The summer is here. And as soon as that ray of sunshine comes out we gather friends and family and light the BBQ to enjoy some tasty food together. But when summer comes round, so does the discussion around Heterocyclic amines (HCAs) and carcinogenics – often citing research about the health risks of eating charred meat, fish and poultry.
On that note, I was interested to read about the Cancer Research UK’s new campaign – BBQ to beat cancer – encouraging people to invite friends round for a BBQ to raise funds for this much admired charity. Now this campaign caught my attention because it’s a cancer charity encouraging people to have BBQ’s – where typically there’s a lot of red meat consumed and the potential to consume charred food. Lean red meat plays an important role our diets, providing us with many of the vitamins and minerals we need to function, but it is often, wrongly, vilified as a cause of cancer – so it’s great to see a cancer charity encourage people to enjoy eating red meat.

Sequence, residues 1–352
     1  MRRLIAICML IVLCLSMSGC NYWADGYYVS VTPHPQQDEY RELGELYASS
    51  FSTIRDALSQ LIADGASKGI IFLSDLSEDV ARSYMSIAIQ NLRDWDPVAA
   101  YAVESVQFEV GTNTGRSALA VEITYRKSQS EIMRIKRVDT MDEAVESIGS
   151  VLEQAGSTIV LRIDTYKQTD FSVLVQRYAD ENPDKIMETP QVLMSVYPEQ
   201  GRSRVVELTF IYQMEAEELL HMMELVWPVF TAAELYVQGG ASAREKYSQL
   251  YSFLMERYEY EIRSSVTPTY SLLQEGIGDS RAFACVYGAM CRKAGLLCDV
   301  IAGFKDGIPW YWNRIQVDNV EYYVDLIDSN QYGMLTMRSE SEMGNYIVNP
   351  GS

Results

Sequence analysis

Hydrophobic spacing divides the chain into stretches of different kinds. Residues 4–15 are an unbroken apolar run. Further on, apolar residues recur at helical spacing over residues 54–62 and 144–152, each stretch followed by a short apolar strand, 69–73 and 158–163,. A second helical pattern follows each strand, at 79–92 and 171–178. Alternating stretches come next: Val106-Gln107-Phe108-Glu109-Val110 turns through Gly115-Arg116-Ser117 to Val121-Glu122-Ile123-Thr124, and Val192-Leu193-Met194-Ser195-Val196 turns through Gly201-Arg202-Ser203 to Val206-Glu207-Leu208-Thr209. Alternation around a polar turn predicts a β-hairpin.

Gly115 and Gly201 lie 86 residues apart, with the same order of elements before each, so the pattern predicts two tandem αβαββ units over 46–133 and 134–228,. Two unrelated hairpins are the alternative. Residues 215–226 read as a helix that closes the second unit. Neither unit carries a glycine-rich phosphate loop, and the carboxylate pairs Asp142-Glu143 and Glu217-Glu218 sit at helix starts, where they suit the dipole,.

Anyway, back to the charred meat topic. Carcinogenics. Preventing burning of meat is one of several measures which are recommended to minimise any potential health risk of HCAs, but the British Dietetic Association (BDA) has examined this area and states that there is no need to exclude barbecued meat from diets but recommends some preparation and serving suggestions which can reduce the potential risk from HCAs, identified when grilling meat, poultry and fish, by 95%,
BDA recommendations contained in their Food Facts information entitled ‘Beef up on Healthy Barbecues’ include:
- Marinate meats before cooking to reduce HCS levels by over 95%. It seems that ingredients in marinades are rich in cancer-fighting anti-oxidants such as citrus juices, herbs, spices and olive oil.
- Remove badly burnt bits before eating!
- Serve barbecue meats with a yoghurt dip – yoghurt bacteria bind these chemicals and protect the digestive tract.
For some meaty recipes visit www.meatmatters.com